Lilacs do not require too much Pruning - Here's how.
All that is normally required of a Syringa (Lilac), is the removal of faded flower. No more - unless you want to re-shape the bush. In the latter case, do it as you wish, right after flowering.
You may miss out on some flower the following year.
It is important to take off the old flower growth before it starts to set seed. This will then allow new shoots to form, which will be the flowering growths for the next year. The sooner you 'de-head' - the faded flowers, the better the following year's flowers will be.
Simply snip off the dead flower, just below the old flower stalk and above a pair of buds which will probably be starting to show though. A good clean cut with sharp secateurs will ensure quick healing and getting the new flowering growth moving.
All varieties of Lilac should be treated in this way. this includes the Syringa vulgaris, S. Hyacinthiflora types.
Basically it is just dead-heading the old flowers before they set seed.
Older lilac trees and bushes can be cut back quite hard, if the tree has started to get a bit top-heavy, or simply bare at the bottom. This is more successful with the Syringa vulgaris types. With other types, it is better to cut back just a third of the growth in each of three years. That is to say pruning one in three main brances in any given year.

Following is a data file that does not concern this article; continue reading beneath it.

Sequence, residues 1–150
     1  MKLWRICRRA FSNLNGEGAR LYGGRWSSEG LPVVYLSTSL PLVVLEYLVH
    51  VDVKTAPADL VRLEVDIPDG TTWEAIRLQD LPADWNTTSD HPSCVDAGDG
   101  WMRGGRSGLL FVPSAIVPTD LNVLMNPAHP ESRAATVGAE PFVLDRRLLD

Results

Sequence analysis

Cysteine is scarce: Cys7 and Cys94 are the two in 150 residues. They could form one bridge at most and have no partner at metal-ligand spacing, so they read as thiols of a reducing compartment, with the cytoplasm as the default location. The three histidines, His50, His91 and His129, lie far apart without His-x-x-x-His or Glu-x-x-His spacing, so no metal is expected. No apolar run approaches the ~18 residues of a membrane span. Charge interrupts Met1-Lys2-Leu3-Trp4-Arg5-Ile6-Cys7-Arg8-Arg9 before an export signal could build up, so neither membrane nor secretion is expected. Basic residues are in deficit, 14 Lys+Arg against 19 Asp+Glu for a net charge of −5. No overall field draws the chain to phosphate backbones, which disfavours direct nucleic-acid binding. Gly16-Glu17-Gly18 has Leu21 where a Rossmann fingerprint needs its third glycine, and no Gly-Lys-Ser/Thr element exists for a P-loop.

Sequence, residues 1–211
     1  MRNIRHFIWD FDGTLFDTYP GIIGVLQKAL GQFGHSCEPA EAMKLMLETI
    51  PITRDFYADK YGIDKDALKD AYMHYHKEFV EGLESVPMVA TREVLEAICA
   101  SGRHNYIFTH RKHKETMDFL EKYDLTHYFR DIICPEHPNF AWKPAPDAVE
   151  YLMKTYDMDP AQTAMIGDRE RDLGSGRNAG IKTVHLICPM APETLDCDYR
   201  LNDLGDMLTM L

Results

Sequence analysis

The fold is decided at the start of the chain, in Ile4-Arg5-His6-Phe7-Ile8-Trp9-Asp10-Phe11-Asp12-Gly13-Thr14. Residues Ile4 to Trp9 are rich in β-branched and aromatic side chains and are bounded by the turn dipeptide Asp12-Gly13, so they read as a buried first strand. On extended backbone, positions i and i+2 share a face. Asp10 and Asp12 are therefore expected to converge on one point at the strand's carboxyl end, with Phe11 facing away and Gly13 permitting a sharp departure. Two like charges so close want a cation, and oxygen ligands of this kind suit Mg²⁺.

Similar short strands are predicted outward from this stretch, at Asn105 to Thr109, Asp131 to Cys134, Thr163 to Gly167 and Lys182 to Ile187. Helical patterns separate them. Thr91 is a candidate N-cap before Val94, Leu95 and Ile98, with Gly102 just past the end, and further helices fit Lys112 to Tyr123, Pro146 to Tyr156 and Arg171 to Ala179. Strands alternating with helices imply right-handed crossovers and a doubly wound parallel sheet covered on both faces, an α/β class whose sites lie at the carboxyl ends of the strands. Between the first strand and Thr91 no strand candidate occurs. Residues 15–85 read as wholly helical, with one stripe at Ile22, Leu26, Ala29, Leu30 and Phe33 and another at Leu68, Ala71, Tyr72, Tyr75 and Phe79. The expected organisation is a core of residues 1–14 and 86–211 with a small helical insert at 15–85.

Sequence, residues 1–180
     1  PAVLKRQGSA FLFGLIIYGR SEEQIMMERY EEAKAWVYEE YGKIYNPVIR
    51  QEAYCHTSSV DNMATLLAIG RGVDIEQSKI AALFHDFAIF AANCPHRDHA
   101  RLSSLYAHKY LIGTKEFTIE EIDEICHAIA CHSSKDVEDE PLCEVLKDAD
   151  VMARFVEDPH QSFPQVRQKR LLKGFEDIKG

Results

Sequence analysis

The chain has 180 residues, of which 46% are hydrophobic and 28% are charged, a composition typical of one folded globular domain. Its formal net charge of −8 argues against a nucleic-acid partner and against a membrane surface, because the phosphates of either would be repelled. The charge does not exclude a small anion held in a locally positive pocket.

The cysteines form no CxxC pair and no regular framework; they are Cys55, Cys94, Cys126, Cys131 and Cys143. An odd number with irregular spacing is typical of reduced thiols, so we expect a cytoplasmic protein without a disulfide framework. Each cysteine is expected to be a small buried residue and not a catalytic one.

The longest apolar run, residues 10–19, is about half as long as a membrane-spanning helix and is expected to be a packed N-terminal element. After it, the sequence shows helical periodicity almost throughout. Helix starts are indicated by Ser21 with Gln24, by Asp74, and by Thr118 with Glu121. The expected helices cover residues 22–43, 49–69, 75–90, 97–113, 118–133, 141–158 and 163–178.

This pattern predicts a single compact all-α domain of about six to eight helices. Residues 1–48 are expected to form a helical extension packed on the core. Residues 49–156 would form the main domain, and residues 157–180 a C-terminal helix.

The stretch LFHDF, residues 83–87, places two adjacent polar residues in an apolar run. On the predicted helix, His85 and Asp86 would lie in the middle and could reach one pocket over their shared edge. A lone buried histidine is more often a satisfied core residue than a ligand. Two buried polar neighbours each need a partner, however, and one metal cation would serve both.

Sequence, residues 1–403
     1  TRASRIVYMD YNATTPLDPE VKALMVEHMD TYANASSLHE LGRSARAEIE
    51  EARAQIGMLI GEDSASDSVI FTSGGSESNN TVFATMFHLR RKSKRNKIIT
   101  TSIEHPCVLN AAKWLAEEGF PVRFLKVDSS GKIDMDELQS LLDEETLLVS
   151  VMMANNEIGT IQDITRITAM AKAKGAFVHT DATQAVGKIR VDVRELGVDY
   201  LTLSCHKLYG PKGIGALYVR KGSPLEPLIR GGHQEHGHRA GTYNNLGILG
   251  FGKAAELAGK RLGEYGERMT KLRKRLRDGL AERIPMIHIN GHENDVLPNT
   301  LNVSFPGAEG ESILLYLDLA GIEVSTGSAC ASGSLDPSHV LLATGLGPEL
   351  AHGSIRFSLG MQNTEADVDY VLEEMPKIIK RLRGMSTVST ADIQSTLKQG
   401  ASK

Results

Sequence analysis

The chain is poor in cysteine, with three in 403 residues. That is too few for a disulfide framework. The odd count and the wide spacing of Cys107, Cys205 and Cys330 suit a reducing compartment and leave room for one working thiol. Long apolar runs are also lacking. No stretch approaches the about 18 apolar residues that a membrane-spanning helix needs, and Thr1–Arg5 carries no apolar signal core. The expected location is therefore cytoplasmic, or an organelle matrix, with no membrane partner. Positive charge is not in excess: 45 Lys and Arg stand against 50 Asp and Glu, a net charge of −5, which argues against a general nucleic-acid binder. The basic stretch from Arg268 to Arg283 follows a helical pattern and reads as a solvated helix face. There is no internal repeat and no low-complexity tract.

Hard pruning should be done ideally in early Spring or late Winter. If the Lilac is cut back to within a few feet of the ground, it will soon start to send out new shoots, which can then either be thinned out as necessary to form a good framework, or simply left for the shrub to find its own form.
This hard pruning back will probably deprive the shrub of flowers for the following Spring, but will then continue to grow into a full bodied shrub with many new flowering shoots.
Some Lilac trees and bushes such as Syringa vulgaris, are prone to having suckers growing from the base. These will normally show through as having different type of foliage to the normal bush, and should be removed by breaking rather than cutting if possible. If the suckers are left to grow, then they will eventually take over - robbing the 'cultivated' variety of its vigour.
Species Lilacs such as Syringa alpina, Syringa pubescens, Syringa microphylla types can be treated as for the main group listed above.